When Intel's Optane Memory technology launched this week, we overlooked a critical requirement for the platform. Despite seeming ideal for speeding up budget-friendly systems with hard drives as their sole storage devices, Optane Memory apparently won't have support from Intel's most budget-friendly Kaby Lake CPUs: the Celeron G3930, the Celeron G3950, the Pentium G4560, the Pentium G4600, and the Pentium G4620. Lower-power "T" variants of those chips won't work, either. Only Kaby Lake Core CPUs are Optane Memory-compatible, according to Intel's ARK database and the Optane Memory product page.
We've gotta say: this is a baffling decision on Intel's part. Assuming ARK is correct, the cheapest CPU one can pair with an Optane Memory device is the Core i3-7100, a $120 part that's $28 more expensive than our budget-favorite Pentium G4620. The Core i3 adds 200 MHz of clock speed and AVX support to the bargain, to be fair. Even so, paying $65 or so in total to get that Core i3 CPU and the 16GB Optane Memory hardware itself seems like a hard sell for the frugal system builder who's already chosen a capacious hard drive.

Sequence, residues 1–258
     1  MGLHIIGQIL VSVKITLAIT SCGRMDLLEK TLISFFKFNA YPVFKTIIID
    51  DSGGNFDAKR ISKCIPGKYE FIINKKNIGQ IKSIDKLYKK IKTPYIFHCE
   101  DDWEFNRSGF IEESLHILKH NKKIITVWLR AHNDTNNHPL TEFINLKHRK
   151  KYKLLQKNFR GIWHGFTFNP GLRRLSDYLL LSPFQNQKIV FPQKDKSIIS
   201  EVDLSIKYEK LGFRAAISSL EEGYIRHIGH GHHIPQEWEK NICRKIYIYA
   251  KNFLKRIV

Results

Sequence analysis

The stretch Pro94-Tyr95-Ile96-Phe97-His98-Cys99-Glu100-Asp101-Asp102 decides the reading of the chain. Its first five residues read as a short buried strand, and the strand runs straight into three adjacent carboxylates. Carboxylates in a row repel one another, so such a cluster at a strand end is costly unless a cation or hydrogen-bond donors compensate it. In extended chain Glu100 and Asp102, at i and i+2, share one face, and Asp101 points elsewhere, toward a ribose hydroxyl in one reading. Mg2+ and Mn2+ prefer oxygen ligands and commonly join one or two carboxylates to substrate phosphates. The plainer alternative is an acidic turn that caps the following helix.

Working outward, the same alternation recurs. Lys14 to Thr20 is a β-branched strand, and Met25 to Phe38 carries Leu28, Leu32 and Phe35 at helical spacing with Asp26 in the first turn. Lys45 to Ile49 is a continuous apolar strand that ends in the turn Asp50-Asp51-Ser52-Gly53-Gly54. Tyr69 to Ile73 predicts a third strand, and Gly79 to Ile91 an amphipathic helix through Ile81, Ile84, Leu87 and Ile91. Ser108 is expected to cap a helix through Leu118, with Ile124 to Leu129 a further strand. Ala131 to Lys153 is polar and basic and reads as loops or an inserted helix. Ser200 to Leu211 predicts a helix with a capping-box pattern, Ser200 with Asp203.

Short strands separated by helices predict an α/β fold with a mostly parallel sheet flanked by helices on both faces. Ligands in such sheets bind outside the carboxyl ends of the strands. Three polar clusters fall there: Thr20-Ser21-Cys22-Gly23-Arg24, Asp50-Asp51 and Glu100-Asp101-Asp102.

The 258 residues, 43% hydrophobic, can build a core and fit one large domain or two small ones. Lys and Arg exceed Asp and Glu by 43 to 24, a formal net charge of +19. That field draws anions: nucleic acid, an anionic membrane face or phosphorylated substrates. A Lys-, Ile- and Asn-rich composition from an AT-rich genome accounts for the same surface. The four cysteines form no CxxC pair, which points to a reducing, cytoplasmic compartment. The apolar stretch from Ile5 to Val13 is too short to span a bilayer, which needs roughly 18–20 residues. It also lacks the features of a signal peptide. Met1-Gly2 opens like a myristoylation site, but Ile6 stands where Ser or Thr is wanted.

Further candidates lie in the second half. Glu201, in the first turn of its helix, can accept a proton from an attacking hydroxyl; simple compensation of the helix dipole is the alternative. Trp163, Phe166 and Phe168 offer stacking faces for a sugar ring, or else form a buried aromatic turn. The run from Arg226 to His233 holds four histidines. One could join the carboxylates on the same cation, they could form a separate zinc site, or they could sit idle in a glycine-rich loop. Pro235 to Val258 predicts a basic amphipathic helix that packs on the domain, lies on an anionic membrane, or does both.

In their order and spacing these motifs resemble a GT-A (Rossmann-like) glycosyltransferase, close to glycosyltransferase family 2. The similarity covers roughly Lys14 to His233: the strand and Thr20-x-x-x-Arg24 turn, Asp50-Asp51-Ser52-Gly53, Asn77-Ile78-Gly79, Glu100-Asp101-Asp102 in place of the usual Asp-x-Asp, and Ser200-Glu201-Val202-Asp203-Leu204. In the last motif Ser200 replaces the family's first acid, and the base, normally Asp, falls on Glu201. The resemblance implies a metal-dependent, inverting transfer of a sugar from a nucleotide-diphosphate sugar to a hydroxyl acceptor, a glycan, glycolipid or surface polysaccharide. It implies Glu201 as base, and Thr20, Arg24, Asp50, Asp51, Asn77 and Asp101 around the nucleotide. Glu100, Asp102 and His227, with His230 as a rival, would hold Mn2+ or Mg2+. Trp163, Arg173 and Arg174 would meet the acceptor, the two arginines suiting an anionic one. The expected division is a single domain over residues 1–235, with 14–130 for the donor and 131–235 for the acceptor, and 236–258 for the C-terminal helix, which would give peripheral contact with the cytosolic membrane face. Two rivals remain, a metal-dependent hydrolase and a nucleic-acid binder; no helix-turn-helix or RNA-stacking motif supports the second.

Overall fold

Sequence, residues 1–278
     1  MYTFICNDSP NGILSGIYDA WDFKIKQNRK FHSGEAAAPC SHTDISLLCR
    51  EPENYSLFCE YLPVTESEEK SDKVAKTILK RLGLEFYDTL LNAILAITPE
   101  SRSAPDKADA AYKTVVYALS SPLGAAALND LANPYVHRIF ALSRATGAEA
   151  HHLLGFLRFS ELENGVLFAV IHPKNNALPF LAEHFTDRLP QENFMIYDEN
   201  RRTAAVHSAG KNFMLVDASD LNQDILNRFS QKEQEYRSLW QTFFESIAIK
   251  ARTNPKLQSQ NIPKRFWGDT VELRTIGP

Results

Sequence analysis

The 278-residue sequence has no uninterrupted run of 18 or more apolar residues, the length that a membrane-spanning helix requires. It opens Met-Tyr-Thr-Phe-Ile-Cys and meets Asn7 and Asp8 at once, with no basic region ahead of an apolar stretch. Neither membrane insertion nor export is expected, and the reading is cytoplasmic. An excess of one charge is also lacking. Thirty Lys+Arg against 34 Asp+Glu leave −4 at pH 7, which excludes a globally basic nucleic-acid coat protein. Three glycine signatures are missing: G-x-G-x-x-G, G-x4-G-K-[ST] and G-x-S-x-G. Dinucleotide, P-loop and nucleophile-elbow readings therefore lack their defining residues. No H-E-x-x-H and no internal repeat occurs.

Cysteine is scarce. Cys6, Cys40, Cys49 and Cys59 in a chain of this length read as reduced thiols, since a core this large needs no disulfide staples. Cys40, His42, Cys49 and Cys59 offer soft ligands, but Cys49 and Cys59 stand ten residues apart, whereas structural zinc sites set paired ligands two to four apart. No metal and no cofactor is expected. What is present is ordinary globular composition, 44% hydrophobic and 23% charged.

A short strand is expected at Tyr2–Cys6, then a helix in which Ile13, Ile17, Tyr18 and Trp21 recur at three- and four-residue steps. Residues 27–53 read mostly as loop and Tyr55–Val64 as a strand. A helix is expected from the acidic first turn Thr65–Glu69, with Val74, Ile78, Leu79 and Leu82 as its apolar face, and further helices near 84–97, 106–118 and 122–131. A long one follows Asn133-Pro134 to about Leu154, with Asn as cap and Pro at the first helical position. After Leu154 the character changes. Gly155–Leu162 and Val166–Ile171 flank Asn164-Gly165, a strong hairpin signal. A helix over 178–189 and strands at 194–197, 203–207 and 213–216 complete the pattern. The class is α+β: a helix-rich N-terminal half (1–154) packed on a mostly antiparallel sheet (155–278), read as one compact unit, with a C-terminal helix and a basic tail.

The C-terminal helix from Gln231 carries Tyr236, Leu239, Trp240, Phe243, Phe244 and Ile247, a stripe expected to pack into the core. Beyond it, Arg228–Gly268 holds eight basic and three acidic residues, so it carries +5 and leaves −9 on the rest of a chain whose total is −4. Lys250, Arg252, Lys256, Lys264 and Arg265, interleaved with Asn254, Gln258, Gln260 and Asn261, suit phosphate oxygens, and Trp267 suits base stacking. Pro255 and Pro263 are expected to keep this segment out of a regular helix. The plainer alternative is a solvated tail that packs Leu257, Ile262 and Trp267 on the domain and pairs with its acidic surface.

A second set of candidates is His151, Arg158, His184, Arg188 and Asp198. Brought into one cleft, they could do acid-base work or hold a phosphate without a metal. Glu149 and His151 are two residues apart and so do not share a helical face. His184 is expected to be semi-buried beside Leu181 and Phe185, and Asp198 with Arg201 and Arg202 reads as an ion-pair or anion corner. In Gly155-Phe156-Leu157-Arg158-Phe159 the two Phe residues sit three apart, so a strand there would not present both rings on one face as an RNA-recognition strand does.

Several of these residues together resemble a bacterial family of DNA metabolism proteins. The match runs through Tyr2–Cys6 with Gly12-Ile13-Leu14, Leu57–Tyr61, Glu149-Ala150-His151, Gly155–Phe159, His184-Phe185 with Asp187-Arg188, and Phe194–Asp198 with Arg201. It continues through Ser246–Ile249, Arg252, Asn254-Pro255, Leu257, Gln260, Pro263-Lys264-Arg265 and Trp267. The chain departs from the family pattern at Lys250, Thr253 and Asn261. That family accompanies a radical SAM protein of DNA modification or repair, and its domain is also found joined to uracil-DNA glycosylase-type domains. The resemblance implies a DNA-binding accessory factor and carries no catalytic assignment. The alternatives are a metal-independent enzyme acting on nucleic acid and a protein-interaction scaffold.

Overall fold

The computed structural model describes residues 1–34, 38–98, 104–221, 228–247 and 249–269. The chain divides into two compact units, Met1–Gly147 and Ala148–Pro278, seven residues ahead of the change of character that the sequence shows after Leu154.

If we play the incremental cost game a bit more, one can get a reputable budget 480GB SSD like Toshiba OCZ's TR150 for $130—not that much more versus the $105-ish extra that one would pay for the 16GB Optane Memory module, the Core i3-7100 CPU, and the WD Blue 1TB hard drive one would need to get our Budget Box's storage subsystem Optane Memory-ready. We'll have to reserve judgment until we've had time with Optane Memory products to be sure, but it seems like those 3D Xpoint-equipped gumsticks and their caching software will need to be quite competitive with SSD performance to be worth the platform cost.
We've asked Intel to comment on this matter, and we'll update the post if we hear back.